When we think of the Middle Ages, of the Renaissance, we think of French knights on horseback and frescoes in Italian churches. Rarely do we think of Poland. But Poland has a rich and vibrant history.
Throughout the High Middle Ages, Poland developed itself into a formidable power and vibrant kingdom in Eastern Europe. Krakow stood out as a significant trading center in the east for centuries. Poland as a whole allied with Lithuania and was able to build a multi-ethnic army during the 14th– and 15th-centuries, allowing them to challenge one the largest and most prosperous chivalric order in the medieval world, the Teutonic Knights. Through the Polish-Lithuanian Commonwealth, the kingdom was able to maintain its position for centuries, becoming one of the largest and most diverse states that early modern Europe had ever seen.
The Renaissance, while generally associated with Italy and France, also flourished in Poland. Today, several Polish cities still boast their “old towns”—neighborhoods and districts that are more than two hundred years older than the United States itself. In these buildings, the embracement of the Renaissance is clear in the rising columns and rounded arches. In the art museums, there is further evidence that makes it obvious that the Polish welcomed the Renaissance to their land. The country has even brought back and adopted one of Leonardo DaVinci’s masterpieces, Lady with an Ermine.
While Poland certainly shares a number of similarities with the western nations that overshadow it, it should also be noted that Poland made itself a unique nation in several aspects during the Middle Ages and Renaissance.
Unlike many kingdoms in the west, Poland welcomed the Jews into the state. That’s not to say there wasn’t any prejudice against the Jewish people from many Poles. However, the Jews enjoyed a number of special protections and rights under Polish royals and nobles that they could not find in other European states.
Additionally, Poland found itself in an advantageous position during the 14th-century. While many of the western and central states found themselves suffering under war, famine, and the Black Plague, Poland’s issues were relatively much less damaging. They were able to form alliances with most of their neighbors rather than turning to war. The country was spared from crop failures and actually exported a significant amount of food to the western lands. Poland was also passed over by the Black Plague, saving its population from the decimation experienced by other nations.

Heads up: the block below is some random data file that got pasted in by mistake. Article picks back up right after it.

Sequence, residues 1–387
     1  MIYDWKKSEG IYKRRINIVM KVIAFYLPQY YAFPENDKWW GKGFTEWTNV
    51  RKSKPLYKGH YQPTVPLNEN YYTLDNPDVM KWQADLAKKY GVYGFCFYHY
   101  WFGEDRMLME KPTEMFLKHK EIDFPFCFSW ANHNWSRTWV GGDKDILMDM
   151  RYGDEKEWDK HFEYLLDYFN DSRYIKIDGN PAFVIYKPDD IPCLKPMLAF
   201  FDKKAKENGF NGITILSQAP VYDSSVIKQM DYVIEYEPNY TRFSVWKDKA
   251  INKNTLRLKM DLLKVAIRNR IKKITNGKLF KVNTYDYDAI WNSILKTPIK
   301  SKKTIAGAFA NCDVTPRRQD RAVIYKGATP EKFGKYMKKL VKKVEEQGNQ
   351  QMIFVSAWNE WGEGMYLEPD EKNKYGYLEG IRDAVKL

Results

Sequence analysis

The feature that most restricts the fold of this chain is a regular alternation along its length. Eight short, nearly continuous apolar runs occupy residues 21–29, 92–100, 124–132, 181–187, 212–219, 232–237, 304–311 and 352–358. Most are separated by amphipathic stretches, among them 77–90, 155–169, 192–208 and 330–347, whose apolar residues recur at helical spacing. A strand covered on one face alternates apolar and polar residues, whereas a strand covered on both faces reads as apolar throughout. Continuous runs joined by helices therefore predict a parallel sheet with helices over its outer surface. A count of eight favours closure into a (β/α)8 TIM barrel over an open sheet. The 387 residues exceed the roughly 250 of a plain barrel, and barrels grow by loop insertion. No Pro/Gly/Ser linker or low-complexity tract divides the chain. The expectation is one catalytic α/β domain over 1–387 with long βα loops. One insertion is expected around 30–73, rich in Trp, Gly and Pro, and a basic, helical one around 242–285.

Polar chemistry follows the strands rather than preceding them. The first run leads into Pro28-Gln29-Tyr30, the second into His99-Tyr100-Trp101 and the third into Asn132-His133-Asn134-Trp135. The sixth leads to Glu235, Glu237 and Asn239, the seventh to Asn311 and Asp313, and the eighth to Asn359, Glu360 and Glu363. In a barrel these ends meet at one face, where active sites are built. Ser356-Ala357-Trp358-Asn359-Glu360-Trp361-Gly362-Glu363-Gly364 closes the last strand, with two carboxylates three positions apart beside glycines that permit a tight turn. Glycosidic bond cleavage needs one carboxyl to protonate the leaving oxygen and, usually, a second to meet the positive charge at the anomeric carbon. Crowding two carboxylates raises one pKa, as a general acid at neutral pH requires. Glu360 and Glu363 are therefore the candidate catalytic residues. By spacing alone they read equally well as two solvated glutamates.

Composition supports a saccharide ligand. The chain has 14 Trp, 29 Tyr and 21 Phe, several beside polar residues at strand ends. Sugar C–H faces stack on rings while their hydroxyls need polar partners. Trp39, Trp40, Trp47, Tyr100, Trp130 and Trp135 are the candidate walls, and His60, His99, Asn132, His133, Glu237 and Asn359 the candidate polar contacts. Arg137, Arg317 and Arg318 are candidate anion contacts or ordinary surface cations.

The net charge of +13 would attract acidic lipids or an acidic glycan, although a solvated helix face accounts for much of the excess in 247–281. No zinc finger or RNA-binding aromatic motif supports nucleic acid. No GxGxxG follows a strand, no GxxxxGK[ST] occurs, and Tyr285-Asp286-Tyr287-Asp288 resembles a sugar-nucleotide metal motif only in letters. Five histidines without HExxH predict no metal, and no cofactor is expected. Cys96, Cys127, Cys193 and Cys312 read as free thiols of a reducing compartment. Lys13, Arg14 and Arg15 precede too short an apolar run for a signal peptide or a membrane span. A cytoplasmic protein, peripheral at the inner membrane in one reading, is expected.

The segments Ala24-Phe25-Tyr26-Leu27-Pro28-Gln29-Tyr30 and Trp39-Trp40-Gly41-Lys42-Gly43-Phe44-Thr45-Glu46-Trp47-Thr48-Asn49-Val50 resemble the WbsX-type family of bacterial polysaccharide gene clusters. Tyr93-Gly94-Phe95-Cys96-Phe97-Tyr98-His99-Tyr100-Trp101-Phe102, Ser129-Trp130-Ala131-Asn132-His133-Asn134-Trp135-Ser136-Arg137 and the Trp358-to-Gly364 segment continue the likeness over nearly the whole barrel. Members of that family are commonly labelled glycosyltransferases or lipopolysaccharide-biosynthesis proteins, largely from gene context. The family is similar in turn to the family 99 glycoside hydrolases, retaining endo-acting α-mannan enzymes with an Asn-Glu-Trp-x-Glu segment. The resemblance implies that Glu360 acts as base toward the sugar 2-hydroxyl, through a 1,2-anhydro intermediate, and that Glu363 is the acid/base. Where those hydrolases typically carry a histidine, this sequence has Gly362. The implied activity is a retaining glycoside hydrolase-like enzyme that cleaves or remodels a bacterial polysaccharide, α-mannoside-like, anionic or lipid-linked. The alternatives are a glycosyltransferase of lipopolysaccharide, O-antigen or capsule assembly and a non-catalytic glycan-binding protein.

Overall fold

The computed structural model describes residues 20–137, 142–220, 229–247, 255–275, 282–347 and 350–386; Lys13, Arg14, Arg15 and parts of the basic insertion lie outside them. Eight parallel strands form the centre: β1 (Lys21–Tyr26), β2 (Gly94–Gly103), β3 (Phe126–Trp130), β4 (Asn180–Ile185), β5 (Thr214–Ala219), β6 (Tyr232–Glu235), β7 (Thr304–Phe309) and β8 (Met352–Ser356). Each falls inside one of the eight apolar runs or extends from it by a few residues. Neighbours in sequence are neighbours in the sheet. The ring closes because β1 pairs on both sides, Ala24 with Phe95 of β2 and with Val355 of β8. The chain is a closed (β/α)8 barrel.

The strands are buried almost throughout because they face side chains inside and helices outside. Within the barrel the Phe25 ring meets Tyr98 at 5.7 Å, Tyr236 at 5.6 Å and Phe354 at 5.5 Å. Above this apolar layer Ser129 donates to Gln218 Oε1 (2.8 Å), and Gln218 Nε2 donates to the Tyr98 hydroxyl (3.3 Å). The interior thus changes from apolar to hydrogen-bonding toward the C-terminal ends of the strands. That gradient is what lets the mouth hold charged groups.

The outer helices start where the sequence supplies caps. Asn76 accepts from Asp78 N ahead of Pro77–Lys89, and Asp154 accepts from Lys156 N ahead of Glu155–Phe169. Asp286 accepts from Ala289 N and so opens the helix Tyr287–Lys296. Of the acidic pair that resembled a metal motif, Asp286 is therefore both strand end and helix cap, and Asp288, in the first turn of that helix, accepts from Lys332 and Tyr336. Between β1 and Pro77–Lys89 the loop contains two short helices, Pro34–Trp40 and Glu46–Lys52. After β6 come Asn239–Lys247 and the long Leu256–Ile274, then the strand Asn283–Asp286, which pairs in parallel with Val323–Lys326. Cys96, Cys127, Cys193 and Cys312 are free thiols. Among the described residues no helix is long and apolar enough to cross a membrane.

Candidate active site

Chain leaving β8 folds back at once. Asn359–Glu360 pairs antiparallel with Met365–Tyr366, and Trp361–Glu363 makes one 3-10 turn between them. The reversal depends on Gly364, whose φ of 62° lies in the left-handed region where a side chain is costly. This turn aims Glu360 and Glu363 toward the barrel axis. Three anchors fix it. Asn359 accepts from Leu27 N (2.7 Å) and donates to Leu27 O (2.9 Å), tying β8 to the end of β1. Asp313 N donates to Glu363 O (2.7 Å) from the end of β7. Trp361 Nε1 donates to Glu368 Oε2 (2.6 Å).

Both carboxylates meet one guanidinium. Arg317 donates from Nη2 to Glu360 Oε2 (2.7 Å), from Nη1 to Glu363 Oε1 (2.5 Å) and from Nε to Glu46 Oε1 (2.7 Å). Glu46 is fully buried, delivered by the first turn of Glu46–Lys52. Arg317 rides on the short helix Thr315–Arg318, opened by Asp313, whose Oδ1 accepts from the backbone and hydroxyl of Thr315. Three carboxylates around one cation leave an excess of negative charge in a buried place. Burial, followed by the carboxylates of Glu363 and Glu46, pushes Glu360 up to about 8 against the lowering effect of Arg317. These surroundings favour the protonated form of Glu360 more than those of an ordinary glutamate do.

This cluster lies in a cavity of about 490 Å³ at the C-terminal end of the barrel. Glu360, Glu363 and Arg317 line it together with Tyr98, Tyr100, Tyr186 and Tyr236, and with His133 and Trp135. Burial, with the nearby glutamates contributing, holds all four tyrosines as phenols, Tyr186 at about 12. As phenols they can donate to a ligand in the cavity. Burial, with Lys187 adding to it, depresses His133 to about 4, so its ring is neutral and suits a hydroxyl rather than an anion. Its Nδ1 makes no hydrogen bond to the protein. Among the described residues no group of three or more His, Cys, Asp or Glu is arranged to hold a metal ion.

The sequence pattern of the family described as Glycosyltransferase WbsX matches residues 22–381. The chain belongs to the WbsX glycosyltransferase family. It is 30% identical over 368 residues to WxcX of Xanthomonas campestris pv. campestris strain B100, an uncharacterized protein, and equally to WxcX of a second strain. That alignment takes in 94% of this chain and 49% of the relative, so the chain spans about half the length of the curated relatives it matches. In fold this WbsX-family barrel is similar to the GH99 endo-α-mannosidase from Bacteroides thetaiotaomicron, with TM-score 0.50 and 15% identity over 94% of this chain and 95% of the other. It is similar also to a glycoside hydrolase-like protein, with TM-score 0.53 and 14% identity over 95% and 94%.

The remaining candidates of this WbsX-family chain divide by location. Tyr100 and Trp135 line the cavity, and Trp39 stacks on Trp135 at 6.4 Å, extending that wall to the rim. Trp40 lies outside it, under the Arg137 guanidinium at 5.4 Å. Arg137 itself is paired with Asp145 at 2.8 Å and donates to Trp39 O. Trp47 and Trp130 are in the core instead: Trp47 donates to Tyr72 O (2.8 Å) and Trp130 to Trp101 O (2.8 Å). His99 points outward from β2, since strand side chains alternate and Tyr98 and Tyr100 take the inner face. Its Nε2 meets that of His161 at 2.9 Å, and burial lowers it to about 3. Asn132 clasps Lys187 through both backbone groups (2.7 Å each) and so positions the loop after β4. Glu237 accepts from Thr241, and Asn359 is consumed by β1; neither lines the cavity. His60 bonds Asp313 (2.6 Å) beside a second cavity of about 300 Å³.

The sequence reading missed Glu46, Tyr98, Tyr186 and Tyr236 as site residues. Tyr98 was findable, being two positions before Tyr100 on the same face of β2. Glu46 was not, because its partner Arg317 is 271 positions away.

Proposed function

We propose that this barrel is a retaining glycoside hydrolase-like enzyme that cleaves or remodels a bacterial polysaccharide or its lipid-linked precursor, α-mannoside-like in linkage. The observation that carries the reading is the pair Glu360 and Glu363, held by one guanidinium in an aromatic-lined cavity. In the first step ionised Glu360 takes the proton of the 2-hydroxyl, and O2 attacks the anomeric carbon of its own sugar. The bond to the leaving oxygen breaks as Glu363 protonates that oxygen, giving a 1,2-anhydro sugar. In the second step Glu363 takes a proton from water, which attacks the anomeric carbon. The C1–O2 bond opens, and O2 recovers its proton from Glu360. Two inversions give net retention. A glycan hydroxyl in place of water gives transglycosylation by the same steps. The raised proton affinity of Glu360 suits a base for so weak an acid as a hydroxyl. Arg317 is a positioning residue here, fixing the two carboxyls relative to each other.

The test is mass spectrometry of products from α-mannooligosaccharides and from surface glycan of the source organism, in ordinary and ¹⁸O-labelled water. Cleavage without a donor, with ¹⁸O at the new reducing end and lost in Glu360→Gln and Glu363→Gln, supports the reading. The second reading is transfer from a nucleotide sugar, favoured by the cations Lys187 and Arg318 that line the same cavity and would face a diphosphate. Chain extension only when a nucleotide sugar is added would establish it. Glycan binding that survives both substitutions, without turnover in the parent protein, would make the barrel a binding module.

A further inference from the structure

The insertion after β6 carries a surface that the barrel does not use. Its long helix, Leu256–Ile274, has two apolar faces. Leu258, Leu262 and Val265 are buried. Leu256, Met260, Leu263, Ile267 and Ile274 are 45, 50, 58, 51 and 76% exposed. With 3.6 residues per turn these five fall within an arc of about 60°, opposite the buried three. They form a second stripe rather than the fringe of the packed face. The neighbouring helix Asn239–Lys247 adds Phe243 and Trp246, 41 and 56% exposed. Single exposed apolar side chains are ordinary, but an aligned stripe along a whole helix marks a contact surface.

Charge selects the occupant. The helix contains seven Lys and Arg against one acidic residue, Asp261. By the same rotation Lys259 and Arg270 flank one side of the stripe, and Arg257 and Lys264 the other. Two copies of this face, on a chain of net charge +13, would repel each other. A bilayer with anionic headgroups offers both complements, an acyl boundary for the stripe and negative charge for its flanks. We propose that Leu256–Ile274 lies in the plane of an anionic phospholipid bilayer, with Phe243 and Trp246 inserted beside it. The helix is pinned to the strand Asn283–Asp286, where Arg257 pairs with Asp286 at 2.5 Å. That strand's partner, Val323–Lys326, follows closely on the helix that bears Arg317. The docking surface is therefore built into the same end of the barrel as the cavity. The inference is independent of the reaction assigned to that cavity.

One particularly interesting point of Renaissance Poland was the decision to elect its king. Of course, it was the nobles and upper class citizens in the Sejm that voted, not the peasant majority. The fact that Poland had any sort of election process for the highest position at all is certainly a standout point, especially since it was carried out in a time when many of royal families were beginning to adopt divine right and the early stages of absolutism.
Allyssa Willis ‘19
Learning about the Medieval and Renaissance History in Poland was a wonderful experience and an unconventionally perfect segue into the transition from prosperity to exploitation. Because of this trip, I feel that the Renaissance can be easily generalized because the emphasis is on Europe as a whole rather than individualized within countries. For instance, I never knew that Poland had its own distinct Renaissance style. The “Lublin Renaissance,” contrary to what its name may suggest, was an architectural style that was found in and out of the Lublin region. About 90% of buildings were built in the Lublin Renaissance- style. A lot of the buildings were religious; however, private buildings such as houses were also built in this style. One of the most known Lublin Renaissance building was the Church of St. Agnes in Lublin.
Wawel Castle was another interesting place we visited and was refurbished in typical Renaissance style. Wawel Castle was not the first castle built during the Medieval period in Poland. In fact, there were already 45 other castles in existence. Wawel Castle itself has an interesting history because of its changes in styles. The castle was originally built in the 11th century but had been renovated multiple times due to destruction. The result of multiple renovations caused Wawel Castle to represent most of Europe’s architectural styles- gothic, renaissance, and baroque. There is no one set style found at Wawel, which makes the castle at the more interesting.
Wawel Castle had and still does represent Poland’s statehood. During the tour of the Castle, one story stuck out to me. The tale told of a Polish king who put gold horseshoes on all of his horses during a visit to Rome. His plan was for the horseshoes to fall off in Rome and make its citizens believe that Poland was immensely prosperous and that all the horses there wore golden horseshoes. This was an act of propaganda made by the Polish king to make Poland have a high reputation. This story is remarkable because of the king putting so much effort into creating an illusion abroad about Poland. National pride can be found throughout Poland’s history and is symbolic in many ways.
Malbork Castle is also a remarkable place in Poland. Malbork Castle is the biggest brick and gothic castle in the world, which is surprising considering the whole history of Poland’s formation. Malbork Castle is most known for the Teutonic Order who had the castle made to be impregnable. The castle was never successfully conquered despite being sieged four times in the medieval age alone. To be able to visit such a place made the trip all the more memorable.
Mackenzie Adair (’19)